Deregulation. That word will dominate the utilities industry in 1998, when California electricity providers will be able to compete in an open market for the first time much the way long-distance phone companies have been able to compete freely since the late 1980s.
But that doesn’t mean all businesses and residents will be able to start shopping for the best electricity deal when deregulation comes into effect some time next year. (Deregulation was originally scheduled to begin Jan. 1, but computer problems have pushed back the start date indefinitely.)
The open market will not apply to the large number of business and residential customers who are served by one of the Los Angeles area’s municipal utilities, such as the L.A. Department of Water and Power. These utilities have a two-year grace period during which they can decide whether or not to open their territories to competition.
L.A.’s DWP is preparing for deregulation by eliminating 2,000 positions, as well as selling off surplus property such as helicopters and excess land. The cutbacks are needed, according to DWP General Manager S. David Freeman, in order to reduce the department’s debt estimated at about $7 billion and therefore give it the ability to be competitive.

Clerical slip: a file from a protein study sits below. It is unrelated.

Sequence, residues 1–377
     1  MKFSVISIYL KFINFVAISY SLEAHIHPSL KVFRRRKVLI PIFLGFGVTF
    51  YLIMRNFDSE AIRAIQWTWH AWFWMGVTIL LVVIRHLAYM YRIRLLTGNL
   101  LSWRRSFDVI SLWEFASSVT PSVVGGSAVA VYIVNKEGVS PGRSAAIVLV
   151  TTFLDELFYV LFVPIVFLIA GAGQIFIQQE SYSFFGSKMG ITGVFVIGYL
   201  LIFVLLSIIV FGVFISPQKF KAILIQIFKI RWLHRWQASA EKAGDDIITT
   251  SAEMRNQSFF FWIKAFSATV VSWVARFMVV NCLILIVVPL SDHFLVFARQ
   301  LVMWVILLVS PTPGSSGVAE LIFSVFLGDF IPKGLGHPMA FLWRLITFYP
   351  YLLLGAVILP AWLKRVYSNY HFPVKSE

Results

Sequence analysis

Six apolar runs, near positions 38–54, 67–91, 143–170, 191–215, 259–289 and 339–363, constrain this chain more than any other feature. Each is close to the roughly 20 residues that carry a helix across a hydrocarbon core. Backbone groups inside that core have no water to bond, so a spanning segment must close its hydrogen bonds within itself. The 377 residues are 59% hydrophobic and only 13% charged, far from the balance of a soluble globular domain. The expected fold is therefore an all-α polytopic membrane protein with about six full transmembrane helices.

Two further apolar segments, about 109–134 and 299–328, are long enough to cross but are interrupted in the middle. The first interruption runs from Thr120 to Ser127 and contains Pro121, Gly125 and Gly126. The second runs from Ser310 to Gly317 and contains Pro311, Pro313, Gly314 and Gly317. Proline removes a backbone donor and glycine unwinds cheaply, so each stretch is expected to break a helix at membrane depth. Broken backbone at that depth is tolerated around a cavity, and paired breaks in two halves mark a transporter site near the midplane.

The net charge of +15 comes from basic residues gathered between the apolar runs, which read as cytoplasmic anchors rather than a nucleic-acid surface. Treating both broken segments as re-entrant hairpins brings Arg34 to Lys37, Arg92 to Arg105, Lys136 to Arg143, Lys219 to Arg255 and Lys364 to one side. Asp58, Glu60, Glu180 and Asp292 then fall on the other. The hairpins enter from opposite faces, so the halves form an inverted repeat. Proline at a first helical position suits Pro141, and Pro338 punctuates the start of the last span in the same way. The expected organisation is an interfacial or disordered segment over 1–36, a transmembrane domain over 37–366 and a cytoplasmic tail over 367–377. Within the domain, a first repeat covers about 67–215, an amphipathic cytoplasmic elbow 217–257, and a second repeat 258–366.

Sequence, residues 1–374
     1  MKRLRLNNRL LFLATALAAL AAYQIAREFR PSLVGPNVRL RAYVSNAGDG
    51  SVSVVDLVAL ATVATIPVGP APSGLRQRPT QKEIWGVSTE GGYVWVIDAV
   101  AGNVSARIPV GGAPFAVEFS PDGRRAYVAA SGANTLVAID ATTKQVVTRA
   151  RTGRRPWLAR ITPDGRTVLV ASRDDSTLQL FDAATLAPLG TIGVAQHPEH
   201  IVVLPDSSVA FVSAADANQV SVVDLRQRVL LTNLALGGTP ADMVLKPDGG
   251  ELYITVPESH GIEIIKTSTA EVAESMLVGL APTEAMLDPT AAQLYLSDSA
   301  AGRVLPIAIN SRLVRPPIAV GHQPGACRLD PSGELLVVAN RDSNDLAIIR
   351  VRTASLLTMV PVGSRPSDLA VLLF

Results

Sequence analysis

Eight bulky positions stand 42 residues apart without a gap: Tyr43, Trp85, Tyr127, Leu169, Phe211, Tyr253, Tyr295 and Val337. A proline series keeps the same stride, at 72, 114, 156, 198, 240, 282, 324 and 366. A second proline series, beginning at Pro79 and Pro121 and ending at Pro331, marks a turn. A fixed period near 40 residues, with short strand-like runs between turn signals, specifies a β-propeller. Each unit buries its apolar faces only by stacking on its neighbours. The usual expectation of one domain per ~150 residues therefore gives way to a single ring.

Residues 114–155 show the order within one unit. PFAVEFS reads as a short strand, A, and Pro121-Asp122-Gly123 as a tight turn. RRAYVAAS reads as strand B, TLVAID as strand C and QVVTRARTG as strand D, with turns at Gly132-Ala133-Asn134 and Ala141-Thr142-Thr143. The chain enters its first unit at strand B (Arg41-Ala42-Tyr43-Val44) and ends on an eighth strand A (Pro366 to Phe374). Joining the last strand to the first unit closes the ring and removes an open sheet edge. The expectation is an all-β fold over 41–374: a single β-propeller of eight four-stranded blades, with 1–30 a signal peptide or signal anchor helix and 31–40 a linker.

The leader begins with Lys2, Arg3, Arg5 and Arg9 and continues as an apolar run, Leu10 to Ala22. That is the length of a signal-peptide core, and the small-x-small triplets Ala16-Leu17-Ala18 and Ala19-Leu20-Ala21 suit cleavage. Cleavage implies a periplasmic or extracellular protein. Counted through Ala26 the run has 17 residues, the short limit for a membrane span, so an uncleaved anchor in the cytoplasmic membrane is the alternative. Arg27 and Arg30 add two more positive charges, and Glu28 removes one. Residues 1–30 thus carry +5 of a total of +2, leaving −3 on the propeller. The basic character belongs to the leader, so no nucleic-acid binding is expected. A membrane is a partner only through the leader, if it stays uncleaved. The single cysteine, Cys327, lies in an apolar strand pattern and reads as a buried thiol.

Other municipal utilities are preparing to compete as well. Pasadena Water and Power, for example, cut its staff by nearly a third and is reducing the amount of revenue it is transferring to the city of Pasadena’s general fund.
Utility users who are not in a municipal utility’s territory will see some cuts in their electric bills. Under 1996 legislation that made deregulation a reality, investor-owned utilities are required to give a 10 percent cut in electrical rates to all small-business and residential customers.
Among the companies required to cut rates is Southern California Edison. But even with the 10 percent cut, the rates for customers of Edison and other investor-owned utilities tend to be higher than the rates for municipal utility customers.
Another industry that will be affected by deregulation in 1998, as it has for the last two years, is telecommunications.
Ever since passage of the Telecommunications Act of 1996, local phone companies wanting to break into the long-distance business have had to meet certain requirements in order to get approval from the Federal Communications Commission.
In 1998, several companies that do business in California are expected to get that FCC approval, the most likely being Bell Atlantic Corp. and SBC Communications Inc., which operates in California under Southwestern Bell Telephone.
One issue sure to inspire argument in 1998 is the San Diego County Water Authority’s struggle to buy water from farmers in the Imperial Valley. The water must be shipped through the L.A.-based Metropolitan Water District’s aqueducts to reach San Diego.
The MWD is reluctant to allow the plan, however, because it could chip away at the MWD’s power to control the region’s water supply and could lead other member agencies to seek a degree of independence.